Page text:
When Wes Craven directed Scream way back in 1996, there’s absolutely no way he ever thought that the little movie he reluctantly took on when no one else was willing to would end up becoming a huge horror movie franchise. There’s just no way. The fact that there has been yet another instalment in 2022 – almost 30 years later – would have blown his mind, right? I mean, that has to be the case. Horror movies were pretty much a laughing stock in the UK throughout the 80s, with most labelling them ‘video nasties’, despite the 1970s being known for heavy hitters like The Exorcist and Halloween. One might argue, then, that with Scream, horror was reborn, and people began to covet horror once more.
As an unashamed lover of Scream 4, I was absolutely buzzing to see this one, hence why I went to our local multiplex on opening night. But more about that later. In this self-proclaimed ‘requel’, we join the town of Woodsboro once more, twenty five years after the original Ghostface killer rampaged through their neighbourhood. As you’d expect, in this movie (which is not called ‘Scream 5’, as some are still insisting on calling it) there’s a new killer on the loose, but as is always the case, he’s (or she’s?) still dressing up like the original murderer. I won’t go into any further details – it’s more fun if you go in blind to slashers like this.
My highlight of the movie? “I’m Sidney fucking Prescott, of course I have a gun.” The internal screaming I was doing when Neve Campbell returned was just as loud as those people who cheered for Andrew Garfield in that other movie.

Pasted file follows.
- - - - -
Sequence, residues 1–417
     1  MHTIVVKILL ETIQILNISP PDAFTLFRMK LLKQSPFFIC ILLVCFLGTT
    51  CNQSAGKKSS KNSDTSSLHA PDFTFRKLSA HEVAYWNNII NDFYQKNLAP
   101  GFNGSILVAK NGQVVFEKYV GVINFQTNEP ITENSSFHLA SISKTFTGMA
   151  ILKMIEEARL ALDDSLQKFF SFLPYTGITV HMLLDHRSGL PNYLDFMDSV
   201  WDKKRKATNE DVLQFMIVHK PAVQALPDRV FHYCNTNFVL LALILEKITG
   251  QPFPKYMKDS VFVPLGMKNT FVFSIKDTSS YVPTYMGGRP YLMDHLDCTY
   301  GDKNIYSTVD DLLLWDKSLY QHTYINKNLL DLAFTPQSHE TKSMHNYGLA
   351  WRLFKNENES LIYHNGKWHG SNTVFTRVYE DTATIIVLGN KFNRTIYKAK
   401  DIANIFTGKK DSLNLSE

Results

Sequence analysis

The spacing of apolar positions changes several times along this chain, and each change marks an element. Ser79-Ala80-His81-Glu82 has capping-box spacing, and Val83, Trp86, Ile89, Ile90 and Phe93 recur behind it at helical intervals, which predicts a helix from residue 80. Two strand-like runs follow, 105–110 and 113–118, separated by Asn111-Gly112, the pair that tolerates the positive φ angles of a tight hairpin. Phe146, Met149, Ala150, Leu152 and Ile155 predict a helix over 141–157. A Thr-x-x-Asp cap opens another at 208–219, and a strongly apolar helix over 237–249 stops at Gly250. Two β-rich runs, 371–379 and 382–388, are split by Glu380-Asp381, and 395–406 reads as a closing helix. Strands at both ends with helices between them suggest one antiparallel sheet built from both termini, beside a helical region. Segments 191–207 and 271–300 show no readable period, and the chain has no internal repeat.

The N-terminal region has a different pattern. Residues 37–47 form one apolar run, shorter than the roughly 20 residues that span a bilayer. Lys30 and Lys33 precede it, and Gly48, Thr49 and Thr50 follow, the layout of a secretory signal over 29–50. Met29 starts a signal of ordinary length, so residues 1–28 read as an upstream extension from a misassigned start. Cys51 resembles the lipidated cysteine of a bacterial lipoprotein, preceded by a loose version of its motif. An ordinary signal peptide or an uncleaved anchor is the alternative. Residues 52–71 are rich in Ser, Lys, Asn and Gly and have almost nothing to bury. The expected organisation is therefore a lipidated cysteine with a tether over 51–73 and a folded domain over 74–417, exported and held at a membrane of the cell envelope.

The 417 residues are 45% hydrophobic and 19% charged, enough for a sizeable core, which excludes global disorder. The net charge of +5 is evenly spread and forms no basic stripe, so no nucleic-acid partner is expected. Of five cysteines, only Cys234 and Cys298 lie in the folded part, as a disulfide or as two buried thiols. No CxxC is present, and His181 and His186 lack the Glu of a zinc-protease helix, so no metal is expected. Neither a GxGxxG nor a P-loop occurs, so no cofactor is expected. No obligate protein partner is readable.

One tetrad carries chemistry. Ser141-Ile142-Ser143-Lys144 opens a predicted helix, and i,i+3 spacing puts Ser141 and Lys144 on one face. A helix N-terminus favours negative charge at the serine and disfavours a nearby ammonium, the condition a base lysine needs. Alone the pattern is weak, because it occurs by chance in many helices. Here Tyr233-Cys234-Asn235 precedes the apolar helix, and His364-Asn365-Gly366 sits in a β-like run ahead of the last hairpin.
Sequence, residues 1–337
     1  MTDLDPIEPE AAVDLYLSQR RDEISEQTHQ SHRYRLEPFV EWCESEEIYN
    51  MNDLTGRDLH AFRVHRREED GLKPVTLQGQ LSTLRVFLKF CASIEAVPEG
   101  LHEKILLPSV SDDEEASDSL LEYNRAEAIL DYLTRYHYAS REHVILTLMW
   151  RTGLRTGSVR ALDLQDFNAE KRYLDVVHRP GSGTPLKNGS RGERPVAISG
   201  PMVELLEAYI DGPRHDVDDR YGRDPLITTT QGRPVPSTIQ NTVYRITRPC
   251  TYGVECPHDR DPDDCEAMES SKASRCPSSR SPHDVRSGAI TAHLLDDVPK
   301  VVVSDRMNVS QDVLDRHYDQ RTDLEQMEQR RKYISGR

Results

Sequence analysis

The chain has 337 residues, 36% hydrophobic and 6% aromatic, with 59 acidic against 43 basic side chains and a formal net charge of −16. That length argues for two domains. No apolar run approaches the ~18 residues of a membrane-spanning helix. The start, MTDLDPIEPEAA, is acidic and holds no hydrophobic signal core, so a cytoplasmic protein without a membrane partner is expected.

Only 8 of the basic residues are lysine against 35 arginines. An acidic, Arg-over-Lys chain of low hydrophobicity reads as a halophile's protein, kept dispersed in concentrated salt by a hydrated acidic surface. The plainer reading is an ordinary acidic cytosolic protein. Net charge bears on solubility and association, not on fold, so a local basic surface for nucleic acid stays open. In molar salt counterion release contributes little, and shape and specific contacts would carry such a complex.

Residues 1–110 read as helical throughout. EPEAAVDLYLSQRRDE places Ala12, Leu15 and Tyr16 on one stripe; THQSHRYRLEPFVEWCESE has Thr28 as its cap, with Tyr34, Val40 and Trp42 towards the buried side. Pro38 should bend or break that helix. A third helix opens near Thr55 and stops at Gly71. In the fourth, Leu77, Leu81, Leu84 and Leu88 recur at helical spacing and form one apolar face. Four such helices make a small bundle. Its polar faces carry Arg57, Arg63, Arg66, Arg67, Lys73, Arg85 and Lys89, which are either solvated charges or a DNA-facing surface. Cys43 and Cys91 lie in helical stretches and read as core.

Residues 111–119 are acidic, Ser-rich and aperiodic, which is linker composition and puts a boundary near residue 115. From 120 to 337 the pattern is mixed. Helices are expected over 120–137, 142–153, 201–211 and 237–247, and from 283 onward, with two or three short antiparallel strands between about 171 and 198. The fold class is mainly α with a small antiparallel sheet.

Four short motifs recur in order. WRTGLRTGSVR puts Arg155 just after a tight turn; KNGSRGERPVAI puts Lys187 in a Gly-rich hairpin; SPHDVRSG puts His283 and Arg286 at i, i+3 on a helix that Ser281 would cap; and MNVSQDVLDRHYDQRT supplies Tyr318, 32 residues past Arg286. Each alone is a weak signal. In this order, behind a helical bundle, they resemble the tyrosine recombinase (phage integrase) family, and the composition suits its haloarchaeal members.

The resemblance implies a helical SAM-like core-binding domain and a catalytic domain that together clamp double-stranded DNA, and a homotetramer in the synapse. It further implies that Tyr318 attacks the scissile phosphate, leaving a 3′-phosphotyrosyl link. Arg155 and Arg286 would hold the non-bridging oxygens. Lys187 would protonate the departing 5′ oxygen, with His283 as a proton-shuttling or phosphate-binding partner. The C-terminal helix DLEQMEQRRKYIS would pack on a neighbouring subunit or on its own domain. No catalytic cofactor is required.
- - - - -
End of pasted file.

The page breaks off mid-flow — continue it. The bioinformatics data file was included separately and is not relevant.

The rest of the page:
So here’s the reason: whilst this won’t be for everyone, the Scream franchise holds such a special place in my heart that this hit so many of the right notes for me. I grew up with Scream, and in many ways these movies are what made me interested in horror as a genre. This is effectively my Harry Potter (although I did grow up with those too…) If you don’t feel that way, maybe you won’t be in love with this. But in my humble opinion? A worthy sequel that aligns perfectly with what Wes Craven started.
It’s true that there are plot holes; I won’t deny that. And yes, there’s a lot of fan service, but isn’t that sense of comfort something we all need after the past couple of shitty years we’ve had? Despite all that, what has always made Scream so great is it’s self awareness. It knows how cheesy it is and it knows its own clichés, but instead of shying away from those things, it plays right up to them. This fifth instalment continues on with that tradition, although some seem to think it’s ‘too much’ in this instance. In the immortal words of Luther Vandross, I say “never too much never too much never too much“. I’d also actually argue that this is the most cinematic of the bunch; there’s one specific shot during a brutal, significant death sequence that I’ll remember forever… but I won’t spoil it for you. Just know that I’m sure many people will be talking about that scene in particular.
On the whole, I could have done with more of the original trio in all honesty, but I get that this, in part, is an attempt at reaching a younger audience and I appreciate that this requel is bringing Scream to new cinema-goers. On that note, new casting additions Melissa Barrera and Jenna Ortega are fabulous, and Jasmin Savoy Brown is a worthy new age Randy Meeks. The mixture of old and new actually works surprisingly well, which is in all likelihood due to some decent script work by James Vanderbilt (Zodiac, The Amazing Spider-Man) and Guy Busick (Ready or Not).
Why not 5 Qs? It’s not perfect. The aforementioned plot holes paired with some mild disappointment I felt towards the ending means that the original 1996 film still wears the #1 crown for me. Either way, I’m super glad they made this, and judging by the fact that it made $30.6 million on opening weekend in North America seems to suggest that there may well be more coming our way…
Scream is currently screening in most cinemas in the UK.
TQR Category Ratings:
Costume & Set Design:
Overall Enjoyability Rating: ½